Should I stay with electric forced air furnace


Old 05-09-06, 10:00 AM
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Should I stay with electric forced air furnace

I am considering the purchase of a 25 year-old bungalow that has forced air electric heat. The main floor is about 1,400 square feet. I do not yet know how old the current furnace is, but assume it will soon need replacing.

There is no natural gas on the street. Seems to me I could put in a new electric FA furnace, a new oil FA furnace, a propane FA furnace or a heat pump.

Would a new high-efficiency (?) electric furnace be more economical to install and run than the other alternatives?

The house has no air conditioning at present, I figure I might as well put that in while getting a new furnace.

Thanks for any comments or suggestions.
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Old 05-10-06, 07:53 AM
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Electric heat has always been (and still is) nearly 100% efficient. A new electric furnace will use very close to the same amount of electricity as the old one.

With oil and gas prices on the rise and questions about availability, I wouldn't invest any extra money to change to oil or propane, but if you're planning on spending the extra money for A/C anyhow, why not install a heat pump which produces more heat per KWH than a standard electric furnace.

Doug M.
Old 05-11-06, 12:18 PM
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Check out what is best for you there,GO
What you have now can be taken out and a heatpump put right in. In the heatpump will be electric elements the same as the electric furnace
you have now. They are there as a back up for the pump. Like said the heatpump will give you about a 1/3 more heat for a $1 as the electric furnace will" when its say mild out".

Old 05-12-06, 09:07 AM
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Looked up weather statistics for Port Perry and ended up at the Peterborough airport.

Minimum temp is -14*C or 6.8*F (with the minimum temp of -6*C or 21.2*F and the mean temperature of -7*C for 11 months of the year). My guess is that depending on the size of the heat pump, the heat pump will provide most of the house heating for more than 9 months of the year. For 3 months of the year the heat pump output will have to be supplemented by electric heating elements (unlike systems with gas/oil furnace backup, heat pumps can continue to operate when supplemental electric heat is ON) which will be included with a heat pump set up. Also taking into account outside temperatures when heat pump operates you should get at least 2 kwh or more of house heat for every kwh of electricity consumed by the heat pump.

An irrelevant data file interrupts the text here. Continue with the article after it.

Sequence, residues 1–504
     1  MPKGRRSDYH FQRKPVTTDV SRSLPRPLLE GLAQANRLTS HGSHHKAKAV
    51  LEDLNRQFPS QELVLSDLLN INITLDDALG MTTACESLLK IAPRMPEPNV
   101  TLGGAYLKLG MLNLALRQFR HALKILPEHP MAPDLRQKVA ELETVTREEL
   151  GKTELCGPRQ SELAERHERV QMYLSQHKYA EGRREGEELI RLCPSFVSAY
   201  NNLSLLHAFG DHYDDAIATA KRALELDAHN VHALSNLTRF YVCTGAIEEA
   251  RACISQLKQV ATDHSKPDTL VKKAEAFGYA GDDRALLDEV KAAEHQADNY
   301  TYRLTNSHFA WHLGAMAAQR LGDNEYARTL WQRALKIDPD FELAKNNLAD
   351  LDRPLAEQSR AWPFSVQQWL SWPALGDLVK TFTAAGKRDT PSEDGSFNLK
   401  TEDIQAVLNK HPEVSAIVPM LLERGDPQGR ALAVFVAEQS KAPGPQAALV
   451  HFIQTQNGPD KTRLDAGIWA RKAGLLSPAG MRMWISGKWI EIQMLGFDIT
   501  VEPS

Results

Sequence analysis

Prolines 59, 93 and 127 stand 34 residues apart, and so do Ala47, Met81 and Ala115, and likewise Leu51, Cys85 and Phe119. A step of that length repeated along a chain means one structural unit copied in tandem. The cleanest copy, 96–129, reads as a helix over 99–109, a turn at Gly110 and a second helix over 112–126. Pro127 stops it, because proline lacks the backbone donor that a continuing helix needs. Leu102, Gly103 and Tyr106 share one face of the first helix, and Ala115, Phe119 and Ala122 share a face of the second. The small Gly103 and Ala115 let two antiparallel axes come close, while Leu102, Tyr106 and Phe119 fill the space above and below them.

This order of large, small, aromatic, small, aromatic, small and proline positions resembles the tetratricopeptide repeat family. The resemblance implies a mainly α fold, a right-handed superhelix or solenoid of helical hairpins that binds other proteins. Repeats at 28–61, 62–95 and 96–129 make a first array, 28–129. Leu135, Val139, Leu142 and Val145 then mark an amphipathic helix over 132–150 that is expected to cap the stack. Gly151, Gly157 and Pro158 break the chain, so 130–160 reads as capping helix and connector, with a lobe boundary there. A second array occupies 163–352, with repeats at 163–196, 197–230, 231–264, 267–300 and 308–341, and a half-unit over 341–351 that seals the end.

Given McGuinty's decision to shut down all coal-fired plants, the rising cost of natural gas for gas-fired electricity plants, the installation of expensive "green power" such as wind and the repayment of the Ontario Hydro debt, Ontarians will be stuck with steeply rising electricity costs; my guess is that a heat pump will more than pay for itself when compared to straight electric heat. Oil prices are extremely volatile and rising; don't know about propane.

Given that the house is 24 years old, you may save heating bucks by adding insulation in the attic; if the house sits on a slab, you may want to consider slab perimeter insulation to conserve heat and if the house sits on a basement, you may wish to consider increasing basement wall insulation. If windows are single-glazed, addition of storm windows, if not already there, will also help. Also reducing air leakage in the house will result in savings.

Make sure you get heating and cooling requirements calculated (manual J or equivalent)to decide on the size of the heating/air conditioning equipment.

My house, on the South West coast of B.C is 22 years old, 1800 sq.ft. rancher on a 4 ft. crawl space. It's heated by a 2 ton heat pump backed up by a natural gas furnace; the design temperature for the heating system is 17*F. The heat pump balance point (the temperature below which the heat pump shuts down) is set at 35*F and with our climate, the heat pump provides more than 90% of the house heating requirements.

Since you intend to add air conditioning anyway, the heat pump installation is a no-brainer. In my case the difference between a 2 ton air conditioning only system and a 2 ton heat pump providing both heating and cooling was $1,200 bucks including special thermostat.

Make sure you have an Energuide survey performed before replacing heating equipment and another one after new equipment is installed (total cost of the 2 surveys is about $150 CDN). In my case, energy improvement due to installation of the heat pump resulted in a $1,100 grant from the feds. Your grant may not be as high because you'll be comparing with electric heat while my comparison was with an inefficient 19 year old gas furnace.
Hope the above helps.

Last edited by demetrius; 05-12-06 at 11:33 AM.
Old 05-13-06, 07:50 PM
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Thank you all, especially demetrius. Looks like I'll be heat pump shopping if I do buy the place. Already planned to replace all windows, add attic insulation and vents, and also to do the Energuide audit -- if the program hasn't been axed.

Thanks again.
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